Rituparna Chakraborty, Co-Founder of TeamLease Services Ltd, is the winner of the 2016 Telstra Business Woman in Asia Award. In a chat with Karma Negi of The Red Mark Rituparna explains why women workforce participation in India has become worse than before, and how education has had an inverse relationship to getting them back to work.
How do you feel on bagging the inaugural Telstra Business Woman in Asia Award?
“Humbled” is all I can say. I have been inspired by some incredible women from Australia and Asia, learnt about creative thinking, hard work and “never give up” attitude. Took back tales about what corporate social responsibility really means in the real – given Telstra’s dedication in all these years to this cause.
Tell us in brief about your professional journey?
I am heading the Staffing Business and India’s first PPP Apprenticeship Program – NETAP, at TeamLease Services Limited. I have an MBA in sales & marketing, and I am responsible for profit centre management for the most part of my career. Aggressive sales and revenue growth without compromising on my personal and organisational value system has been my approach to my work. I have also worked with organisations like Monster.com, a dot-com and an HR services startup since leaving my B-School.
I was recently recognised as one of Global Power 100 & International 50 Women in Staffing Industry for 2015 & 2016. I represented Employers of India in ILO Convention for Private Employment Agencies in Geneva. Apart from spearheading various reform (labour) agenda with the Government of India, and I am also the Founder, Trustee and elected president of Indian Staffing Federation – the representative body for the staffing industry in India.
How difficult it is for professional women to break the glass ceiling?
In India, the problem is of not having adequate women leadership pipeline to break the glass ceiling. Women workforce participation in India has become worse than before and interestingly education has had an inverse relationship to getting them back to work. While safety is an issue, however, it is not the only issue behind the growing inverse relationship between education of women and their workforce participation.
There is a combination of issues around their willingness to make themselves available for work and availability of opportunities for women in line with the kind of education they are pursuing. The former is influenced largely by the growing increase in household income, husband’s education and changing career curve, the stigma associated with educated women doing menial work and falling selectivity of highly educated women. On the latter data suggests employment in sectors appropriate for educated women grew less than the supply of educated workers, leading many women to withdraw from the labour force.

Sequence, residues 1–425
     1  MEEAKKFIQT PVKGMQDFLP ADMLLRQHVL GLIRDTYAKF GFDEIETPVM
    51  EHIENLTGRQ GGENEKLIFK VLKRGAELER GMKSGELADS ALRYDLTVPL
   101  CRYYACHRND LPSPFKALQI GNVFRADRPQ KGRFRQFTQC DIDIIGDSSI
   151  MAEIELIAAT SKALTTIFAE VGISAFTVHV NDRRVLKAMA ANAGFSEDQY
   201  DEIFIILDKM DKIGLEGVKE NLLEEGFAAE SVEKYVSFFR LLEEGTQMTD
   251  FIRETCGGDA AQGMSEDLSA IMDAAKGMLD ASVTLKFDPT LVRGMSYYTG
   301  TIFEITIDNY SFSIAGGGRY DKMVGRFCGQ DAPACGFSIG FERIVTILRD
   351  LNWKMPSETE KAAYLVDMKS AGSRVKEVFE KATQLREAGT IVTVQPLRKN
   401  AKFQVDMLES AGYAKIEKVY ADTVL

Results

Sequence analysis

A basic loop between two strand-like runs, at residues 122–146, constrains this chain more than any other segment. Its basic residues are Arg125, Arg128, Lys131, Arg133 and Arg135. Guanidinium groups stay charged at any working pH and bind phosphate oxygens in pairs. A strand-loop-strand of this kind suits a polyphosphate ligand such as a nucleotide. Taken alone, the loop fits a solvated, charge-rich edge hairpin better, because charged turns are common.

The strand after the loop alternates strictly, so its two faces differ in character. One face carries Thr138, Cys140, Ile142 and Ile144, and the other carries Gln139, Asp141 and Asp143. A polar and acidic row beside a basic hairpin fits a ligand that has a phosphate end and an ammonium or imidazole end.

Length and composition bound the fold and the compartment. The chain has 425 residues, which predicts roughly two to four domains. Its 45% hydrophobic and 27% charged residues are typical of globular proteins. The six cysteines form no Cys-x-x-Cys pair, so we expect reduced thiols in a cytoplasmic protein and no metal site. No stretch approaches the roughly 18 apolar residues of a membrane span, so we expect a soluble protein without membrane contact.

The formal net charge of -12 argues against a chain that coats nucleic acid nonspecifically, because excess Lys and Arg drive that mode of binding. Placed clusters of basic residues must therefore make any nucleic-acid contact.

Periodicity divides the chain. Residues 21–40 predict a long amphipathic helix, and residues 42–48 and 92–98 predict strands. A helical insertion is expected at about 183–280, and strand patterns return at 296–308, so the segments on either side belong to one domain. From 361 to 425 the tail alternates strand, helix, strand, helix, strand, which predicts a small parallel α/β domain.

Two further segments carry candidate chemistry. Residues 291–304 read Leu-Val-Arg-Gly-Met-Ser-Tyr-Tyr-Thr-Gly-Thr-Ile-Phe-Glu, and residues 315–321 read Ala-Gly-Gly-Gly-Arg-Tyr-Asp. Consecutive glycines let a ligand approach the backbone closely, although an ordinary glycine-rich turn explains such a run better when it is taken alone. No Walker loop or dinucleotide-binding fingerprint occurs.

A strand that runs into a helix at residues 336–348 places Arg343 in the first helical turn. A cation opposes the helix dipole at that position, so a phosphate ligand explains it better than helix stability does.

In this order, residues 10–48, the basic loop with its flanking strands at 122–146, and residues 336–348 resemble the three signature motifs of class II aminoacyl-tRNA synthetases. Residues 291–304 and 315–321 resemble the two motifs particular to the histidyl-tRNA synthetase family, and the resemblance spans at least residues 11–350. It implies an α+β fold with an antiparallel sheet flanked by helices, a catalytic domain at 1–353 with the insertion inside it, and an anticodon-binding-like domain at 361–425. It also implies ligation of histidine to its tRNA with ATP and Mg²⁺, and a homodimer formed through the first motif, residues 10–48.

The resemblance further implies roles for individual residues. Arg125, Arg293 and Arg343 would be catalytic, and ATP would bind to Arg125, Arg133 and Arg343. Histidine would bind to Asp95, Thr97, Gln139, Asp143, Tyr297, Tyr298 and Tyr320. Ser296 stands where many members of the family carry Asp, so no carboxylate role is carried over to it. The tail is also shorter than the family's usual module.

Data clearly shows that while women workforce participation is still quite encouraging at the entry level, it keeps reducing dramatically from the middle level.
How has your experience been as a woman leader?
I am rather fortunate to have had the guidance of the right kind of mentors since early on in my career, that helped me build my confidence and stay on the course. A large part of the credit goes to my parents, as well, who never made me conscious of my gender. While they have taught me right from wrong – they never told me what’s right for me as a woman and what’s not.
How did you get where you are today, and who/what helped you along the way?
It’s my belief that I am yet to reach my destination, however, the journey has been exciting largely because I never went looking for a job. All I focused on was creating my own work – which helps me to remain excited about each day, as I know that I can change, improve, nurture, grow etc. There is never a boring day for me as I give myself permission to be the master of my destiny. This empowerment came from my parents, sister, friends and of course Manish Sabharwal, our Chairman, and Ashok Reddy, our managing director.
How much of hard work and luck do you think is responsible for your success?
I always trust the adage “luck is a residue of hard work”. We usually lose when we give up. Early in my life, I learnt the hard way that no one loses, some of us just quit. Also, I keep telling myself that the secret to success is to never be successful. Kills your hunger.
What advice do you give young women who want to succeed in the workplace?
Stay on the course. While there would be 10 reasons for you to not work or quit, hold on to that one reason inside of you which tells you to keep at it. Also look for mentors, ones who would help you, guide you in those initial years when you need it the most. Mentors can be at work, or outside. They could be women or men. Doesn’t matter.
What holds professional women professionals/entrepreneurs back?
Women are genetically more inhibited and unsure of themselves than the opposite sex. Or rather they look for more perfection inside of them to believe in their suitability for a job. Think it’s important for us to learn that no one is perfect for a job – important to ask whether one has the ability to learn and grow in the role. Whether it’s a new job or a new business that one is out to start – one can’t really wait for all signal to be green before you leave home. Just get started.
Do you think this is the best time for women entrepreneurs? If yes, why?
Best time was 60 years back, the second best is now, as there are organisations like Telstra who recognise a woman’s role in the workplace and also award them be it from the not-for-profit and social enterprises or from corporate or private sectors.
Going forward, what are your plans for the company?
To make TeamLease India’s largest private sector employer, the largest staffing company in the world by headcount, the largest private sector apprenticeship programme.